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The Other Side of the Water: The Journey of a Haitian Rara Band in Brooklyn
52 minutes

The Other Side of the Water: The Journey of a Haitian Rara Band in Brooklyn

Part carnival, part vodou ceremony, and part grassroots protest, Haitian “Rara” is one of the most breathtaking and contested forms of music in the Americas. The Other Side of the Water follows a group of young immigrants who take this ancient music from the hills of Haiti and reinvent it on the streets of Brooklyn. The documentary tells the story of an unlikely band that comes to speak for a larger community, and a music that manages to create a new meaning of home in the Diaspora.

Rara originally served as a voice of the slaves in their revolt against the French, and as the voice of those struggling against ongoing dictatorships in Haiti. This documentary follows the journey of DJARARA – the only sustained rara band in America – through a hidden New York landscape of vodou temples, underground economies, violent politics, and ground-shaking music.

Combining archival footage and vérité narratives, this documentary focuses on the journey of the poetic visionary Pé Yves. Yves has led a Rara movement in New York since the late ‘80’s, through an era when the media accusing Haitians of bringing AIDS to America, to times of civil chaos in Haiti, to police brutality riots in New York – each time re-imagining Rara as a voice for an evolving Diaspora. Yet when a new generation arrives bringing a radically different vision of the music, and the Haitian Christian community attacks Yves for promoting a Vodou ritual, he’s caught in the middle of a struggle for the meaning of Haitian identity.

Ultimately, THE OTHER SIDE OF THE WATER is about the struggle to merge the traditional and the modern; the island and the City; the imagined and the real. The documentary tells the story of one man who learns to hold true to a vision; a motley band that comes to speak for a larger community; and a music that manages to create a new meaning of home in the Diaspora.
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“The film offers an essential, re-affirming perspective of Haitian imagery and culture that desperately needs to be seen." - Michelle Materre, The New School
"This film is an insight into all the major events in the Haitian-American Community in the last 20 years, through the lens of one of Haiti's deepest roots-music traditions." - Pascal Antoine,
"This fascinating documentary allows us a glimpse into a new setting for this old event (which is thought to date back to the Colonial era), the Haitian community in Brooklyn, NY. Many manifestations of Haitian culture (such as konpa music) survive in the US, even though hardly anyone outside the Haitian-American community is aware of their existence… The film follows the band’s history from its formation in the early 1990’s to the present, through a series of interviews with Pe Yves, as well as present and former members of the band, family members, supporters and detractors. There are also rehearsal and performance footage, short video clips of Haitian bands, radio appearances in which Pe Yves openly discusses the negative stereotypes people have of the music, and expert opinion on both cultural and Haitian political matters." - Tom Bingham, SUNY Fredonia, GenEc DVD Review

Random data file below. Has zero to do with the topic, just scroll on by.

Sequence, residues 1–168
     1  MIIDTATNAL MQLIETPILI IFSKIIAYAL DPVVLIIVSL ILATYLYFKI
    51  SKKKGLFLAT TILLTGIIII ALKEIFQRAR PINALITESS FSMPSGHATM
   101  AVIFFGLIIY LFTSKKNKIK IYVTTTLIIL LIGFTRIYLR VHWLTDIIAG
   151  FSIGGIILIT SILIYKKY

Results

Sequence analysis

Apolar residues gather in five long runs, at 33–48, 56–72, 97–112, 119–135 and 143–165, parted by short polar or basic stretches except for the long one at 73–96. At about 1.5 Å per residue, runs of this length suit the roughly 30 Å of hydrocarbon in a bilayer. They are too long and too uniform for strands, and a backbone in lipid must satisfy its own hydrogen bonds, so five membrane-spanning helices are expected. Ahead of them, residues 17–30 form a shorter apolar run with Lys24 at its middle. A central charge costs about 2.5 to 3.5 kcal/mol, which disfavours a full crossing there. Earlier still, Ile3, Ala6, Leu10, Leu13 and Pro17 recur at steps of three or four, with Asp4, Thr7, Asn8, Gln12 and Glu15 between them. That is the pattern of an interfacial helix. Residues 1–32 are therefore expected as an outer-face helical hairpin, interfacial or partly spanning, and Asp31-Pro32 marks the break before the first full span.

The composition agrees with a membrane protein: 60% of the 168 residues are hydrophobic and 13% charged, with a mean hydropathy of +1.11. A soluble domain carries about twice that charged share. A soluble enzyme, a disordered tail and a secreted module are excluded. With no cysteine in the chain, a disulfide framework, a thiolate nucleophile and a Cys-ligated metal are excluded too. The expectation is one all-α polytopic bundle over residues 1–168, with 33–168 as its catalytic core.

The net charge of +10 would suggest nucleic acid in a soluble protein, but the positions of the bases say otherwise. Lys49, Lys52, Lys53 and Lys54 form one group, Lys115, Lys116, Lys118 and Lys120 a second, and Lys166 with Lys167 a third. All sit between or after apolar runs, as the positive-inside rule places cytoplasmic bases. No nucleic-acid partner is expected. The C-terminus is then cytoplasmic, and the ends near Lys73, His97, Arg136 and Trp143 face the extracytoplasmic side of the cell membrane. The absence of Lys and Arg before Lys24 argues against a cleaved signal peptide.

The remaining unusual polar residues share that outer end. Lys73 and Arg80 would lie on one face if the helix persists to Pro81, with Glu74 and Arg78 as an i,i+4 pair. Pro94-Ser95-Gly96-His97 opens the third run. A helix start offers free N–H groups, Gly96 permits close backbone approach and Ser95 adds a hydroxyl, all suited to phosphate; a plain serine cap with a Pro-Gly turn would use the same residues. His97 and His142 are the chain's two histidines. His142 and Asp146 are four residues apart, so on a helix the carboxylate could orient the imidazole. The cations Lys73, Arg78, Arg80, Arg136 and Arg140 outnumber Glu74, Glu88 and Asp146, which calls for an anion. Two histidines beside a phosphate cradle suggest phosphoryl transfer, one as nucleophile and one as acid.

"THE OTHER SIDE OF THE WATER: THE JOURNEY OF A HAITIAN RARA BAND IN BROOKYLN documents the lives of Haitian immigrants living in New York City (primarily Brooklyn), a band of Haitian American musicians called DJA-Rara, and the music they are devoted to, rara. This documentary is essential for any university library supporting an ethnomusicology program or African American studies, but also belongs in any public library serving a Haitian American community. Highly Recommended." - Vincent J. Novara, Educational Media Reviews Online
"THE OTHER SIDE OF THE WATER provides profound insight into all the major events in the Haitian-American community in the last twenty years, through the lens of one of Haiti’s deepest roots-music traditions. It will find its place as part of a growing archive on the Haitian diaspora in the United States. Anyone interested in Haitian diasporan musics will benefit from viewing this documentary. Haitian audiences in particular, both in Haiti and the United States, should find this film thought-provoking, and stimulating, and socially and historically relevant." - Emmanuel Pereira, Ethnomusicology Journal
• Afropop: The Ultimate Cultural Exchange, PBS Broadcast
• Urbanworld Film Fest
• African Black Documentary Fest
• Hollywood Black Film Festival
• Pan African Film Festival
• CaribbeanTales Film Festival
• Trinidad and Tobago Film Festival
• International Festival of the Haitian Film of Montreal
• Caribbean Creativity in the Netherlands
• Haitian Studies Association Conference
• New Orleans Jazz and Heritage Fest
• Festival International du Lousianne
• Chicago World Music Fest
• Brooklyn Museum of Art
• Creatively Speaking Series
• African Studies Association Annual Meeting, 2011

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TWN acknowledges that in New York we are on the unceded territory of the Lenni Lenape, Canarsie, Shinecock, and Munsee peoples and challenges the harm that continues to be inflicted upon Indigenous and People of Color communities here and abroad, which is why we all need to be part of the struggle for rights, equality and justice.

TWN is supported in part by the National Endowment for the Arts, New York State Council on the Arts, New York City Department of Cultural Affairs, Color Congress, MOSAIC, New York Community Trust, Peace Development Fund, Ford Foundation, Golden Globe Foundation, Kolibri Foundation and individual donors.